White Heron Dance
White Heron Dance (2017) is a shamanic ritual in sound in which a human being experiences a moment of union with nature in the form of a Great White Heron. I created it from the cries of herons, hawks, eagles, songbirds and the human voice. I study Noh Theater with the Noh performer Mayo Miwa, who suggested the ancient Japanese Shinto ritual Sa-gi Mai upon which the piece is based. I recorded her singing the ritual song in the folk style used by the Shinto priests and in the elaborate Noh recitational style. In performance the piece includes video created for it by artist Tom Barratt. White Heron Dance was premiered at the National Opera Center in Manhattan in April, 2017, and performed at National Sawdust in Brooklyn as part of the NYC-Electroacoustic Music Festival on July 14, 2017 in a concert curated by the Association for the Promotion of New Music. In my recent computer music I use ProTools and GRM Tools plug-ins. Sometimes I create sounds from scratch with Csound, and often, as in this piece, I start with recorded samples of natural sounds. For the Great White Heron sounds, I have to thank the Macaulay Library at the Cornell Lab of Ornithology for audio field recordings. For eagles, song thrushes, wing flaps and the like I thank Freesound.org. All these individual collectors will be listed soon on my website www.aliceshields.com
The Mud Oratorio - excerpt from a work for dance-theater (2003)
Excerpt from The Mud Oratorio, a dance-theater piece with music and libretto by Alice Shields for fixed audio media and live dancers. The piece was premiered by Dance Alloy of Pittsburgh and Frostburg State University, Maryland, with choreography by Mark Taylor and lighting design by Barbara Thompson. The libretto celebrates the ancient plants, animals, insects and birds of two Maryland swamps maintained by the Nature Conservancy, and was inspired by the book Stirring the Mud by Barbara Hurd. In the music, Shields uses her own electronically-modified voice, a local biologist's imitations of swamp-birds, frogs and toads, Tibetan ritual conch shells, Indian shenai and Indian flute. Created with ProTools and GRM plug-ins. Photos © 2003 by Sarah Higgins.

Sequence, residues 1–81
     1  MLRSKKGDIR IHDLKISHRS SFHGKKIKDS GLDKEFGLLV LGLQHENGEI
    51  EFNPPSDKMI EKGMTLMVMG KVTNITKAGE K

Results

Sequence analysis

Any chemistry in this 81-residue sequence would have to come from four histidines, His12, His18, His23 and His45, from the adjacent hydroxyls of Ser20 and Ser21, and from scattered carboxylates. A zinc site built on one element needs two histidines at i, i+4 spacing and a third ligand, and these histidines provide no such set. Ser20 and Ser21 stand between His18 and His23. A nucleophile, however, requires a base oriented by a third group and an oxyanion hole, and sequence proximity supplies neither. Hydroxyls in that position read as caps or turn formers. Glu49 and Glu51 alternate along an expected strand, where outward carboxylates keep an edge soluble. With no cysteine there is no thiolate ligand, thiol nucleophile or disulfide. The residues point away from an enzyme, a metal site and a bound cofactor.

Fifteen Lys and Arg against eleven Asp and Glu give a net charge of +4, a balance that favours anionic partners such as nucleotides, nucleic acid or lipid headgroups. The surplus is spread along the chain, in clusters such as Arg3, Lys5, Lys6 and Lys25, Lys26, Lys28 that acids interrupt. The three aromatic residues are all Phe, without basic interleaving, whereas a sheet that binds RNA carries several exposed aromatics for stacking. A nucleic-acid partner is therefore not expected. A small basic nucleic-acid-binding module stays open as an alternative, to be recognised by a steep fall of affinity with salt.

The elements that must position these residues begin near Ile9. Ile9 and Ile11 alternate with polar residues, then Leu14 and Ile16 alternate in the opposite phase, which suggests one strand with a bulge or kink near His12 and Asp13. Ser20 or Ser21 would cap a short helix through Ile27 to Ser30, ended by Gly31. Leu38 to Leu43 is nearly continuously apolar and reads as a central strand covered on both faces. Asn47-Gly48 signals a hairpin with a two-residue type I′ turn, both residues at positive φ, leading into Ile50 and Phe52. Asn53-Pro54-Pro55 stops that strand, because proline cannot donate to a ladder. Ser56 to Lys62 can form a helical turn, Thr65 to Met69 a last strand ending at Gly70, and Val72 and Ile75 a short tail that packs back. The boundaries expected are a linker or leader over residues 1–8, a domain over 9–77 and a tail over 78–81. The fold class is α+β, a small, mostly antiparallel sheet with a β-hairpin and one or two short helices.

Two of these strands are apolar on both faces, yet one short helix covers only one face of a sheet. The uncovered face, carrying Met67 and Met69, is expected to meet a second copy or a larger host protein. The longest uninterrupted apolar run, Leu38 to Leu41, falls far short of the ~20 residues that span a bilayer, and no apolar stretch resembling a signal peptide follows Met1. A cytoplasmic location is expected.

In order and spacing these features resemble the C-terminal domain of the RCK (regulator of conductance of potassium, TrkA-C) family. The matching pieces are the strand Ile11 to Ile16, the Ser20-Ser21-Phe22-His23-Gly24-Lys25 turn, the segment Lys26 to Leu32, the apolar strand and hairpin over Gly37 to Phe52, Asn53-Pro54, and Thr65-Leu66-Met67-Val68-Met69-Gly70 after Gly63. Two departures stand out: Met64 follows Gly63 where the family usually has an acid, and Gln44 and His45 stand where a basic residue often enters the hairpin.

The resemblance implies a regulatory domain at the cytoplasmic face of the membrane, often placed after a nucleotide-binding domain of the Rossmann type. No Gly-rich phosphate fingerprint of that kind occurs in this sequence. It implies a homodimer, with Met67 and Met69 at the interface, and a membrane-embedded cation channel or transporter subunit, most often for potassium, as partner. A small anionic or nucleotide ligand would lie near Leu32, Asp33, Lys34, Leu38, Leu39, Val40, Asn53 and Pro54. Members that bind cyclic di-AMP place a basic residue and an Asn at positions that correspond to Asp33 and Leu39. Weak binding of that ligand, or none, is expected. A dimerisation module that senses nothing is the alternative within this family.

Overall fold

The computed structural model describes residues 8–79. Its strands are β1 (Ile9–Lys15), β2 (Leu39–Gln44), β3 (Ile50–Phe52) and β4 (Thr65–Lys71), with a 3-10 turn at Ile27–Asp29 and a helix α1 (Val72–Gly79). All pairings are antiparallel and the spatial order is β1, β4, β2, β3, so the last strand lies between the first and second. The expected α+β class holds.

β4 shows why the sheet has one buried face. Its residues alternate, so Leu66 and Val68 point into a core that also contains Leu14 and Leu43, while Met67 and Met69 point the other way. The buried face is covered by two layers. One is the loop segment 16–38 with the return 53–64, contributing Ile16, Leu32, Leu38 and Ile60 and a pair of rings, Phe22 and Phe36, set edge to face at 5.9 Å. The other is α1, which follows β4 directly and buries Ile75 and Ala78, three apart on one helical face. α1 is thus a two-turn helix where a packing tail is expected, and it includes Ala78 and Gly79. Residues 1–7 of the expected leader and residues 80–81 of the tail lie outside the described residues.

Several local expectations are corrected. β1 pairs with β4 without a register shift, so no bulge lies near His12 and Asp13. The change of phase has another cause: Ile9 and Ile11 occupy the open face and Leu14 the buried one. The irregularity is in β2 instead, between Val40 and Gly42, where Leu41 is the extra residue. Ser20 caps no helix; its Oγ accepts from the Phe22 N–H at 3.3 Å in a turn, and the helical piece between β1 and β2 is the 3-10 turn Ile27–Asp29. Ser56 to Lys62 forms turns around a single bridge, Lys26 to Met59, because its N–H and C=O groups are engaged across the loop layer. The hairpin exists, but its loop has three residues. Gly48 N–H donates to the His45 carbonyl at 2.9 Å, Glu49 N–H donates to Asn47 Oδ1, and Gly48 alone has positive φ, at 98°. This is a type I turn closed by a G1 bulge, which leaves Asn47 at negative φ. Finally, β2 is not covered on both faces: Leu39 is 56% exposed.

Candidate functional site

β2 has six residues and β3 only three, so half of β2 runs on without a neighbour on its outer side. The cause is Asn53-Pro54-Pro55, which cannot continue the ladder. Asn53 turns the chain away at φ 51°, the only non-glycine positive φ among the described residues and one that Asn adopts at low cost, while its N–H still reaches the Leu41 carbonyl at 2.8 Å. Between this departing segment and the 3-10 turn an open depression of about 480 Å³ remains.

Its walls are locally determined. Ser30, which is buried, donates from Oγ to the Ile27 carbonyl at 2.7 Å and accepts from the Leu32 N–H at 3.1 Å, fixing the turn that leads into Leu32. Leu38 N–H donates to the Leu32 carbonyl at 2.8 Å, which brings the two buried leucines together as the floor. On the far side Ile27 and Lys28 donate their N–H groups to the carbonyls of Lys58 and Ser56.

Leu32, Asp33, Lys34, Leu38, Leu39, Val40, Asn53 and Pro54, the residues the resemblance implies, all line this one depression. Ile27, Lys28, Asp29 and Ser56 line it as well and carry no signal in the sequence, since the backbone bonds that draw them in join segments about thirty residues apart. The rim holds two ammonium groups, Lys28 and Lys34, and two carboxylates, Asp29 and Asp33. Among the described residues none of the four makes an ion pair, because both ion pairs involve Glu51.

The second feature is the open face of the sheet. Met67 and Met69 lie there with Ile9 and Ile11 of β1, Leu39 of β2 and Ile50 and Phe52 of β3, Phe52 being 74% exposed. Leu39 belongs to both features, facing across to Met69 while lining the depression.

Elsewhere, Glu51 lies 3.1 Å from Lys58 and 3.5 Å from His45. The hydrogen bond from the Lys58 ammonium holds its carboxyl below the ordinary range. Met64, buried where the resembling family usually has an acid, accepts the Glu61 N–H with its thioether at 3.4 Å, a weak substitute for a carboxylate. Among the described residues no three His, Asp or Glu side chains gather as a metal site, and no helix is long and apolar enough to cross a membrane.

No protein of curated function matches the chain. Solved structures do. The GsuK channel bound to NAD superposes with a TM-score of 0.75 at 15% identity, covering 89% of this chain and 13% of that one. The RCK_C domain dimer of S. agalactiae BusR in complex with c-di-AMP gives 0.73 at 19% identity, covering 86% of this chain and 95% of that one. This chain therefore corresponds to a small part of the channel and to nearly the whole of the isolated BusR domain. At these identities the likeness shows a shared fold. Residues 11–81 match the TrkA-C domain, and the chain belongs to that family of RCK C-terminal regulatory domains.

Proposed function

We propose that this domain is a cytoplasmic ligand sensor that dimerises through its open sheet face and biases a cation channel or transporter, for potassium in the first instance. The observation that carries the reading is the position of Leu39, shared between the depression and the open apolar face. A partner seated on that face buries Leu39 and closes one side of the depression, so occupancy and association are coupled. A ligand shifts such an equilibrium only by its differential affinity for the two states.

Komachi at Sekidera
The protagonist of the play, Ono no Komachi, was a woman of great literary gifts and beauty who lived at the Heian court in ninth-century Japan. She became a legend after her death, and many apocryphal stories surround the few known biographical facts concerning her life. In the present piece Komachi has lived into old age, beyond her beauty and her literary fame, and has been forgotten. Confronted with age and mortality, she alternates between crying out for the days that are gone, and quieter sections in which she contemplates the bittersweet delight of still being alive. The structure of the piece was influenced by the dramatic monologues of Monteverdiís operas. The modal character of the melody, which often returns to the unstable interval of the tritone, mirrors Komachiís existential state, as does the alto flute, which shadows her feelings with sounds reminiscent of the shakuhachi, the Japanese bamboo flute. The koto reflects Komachi's passionate nature.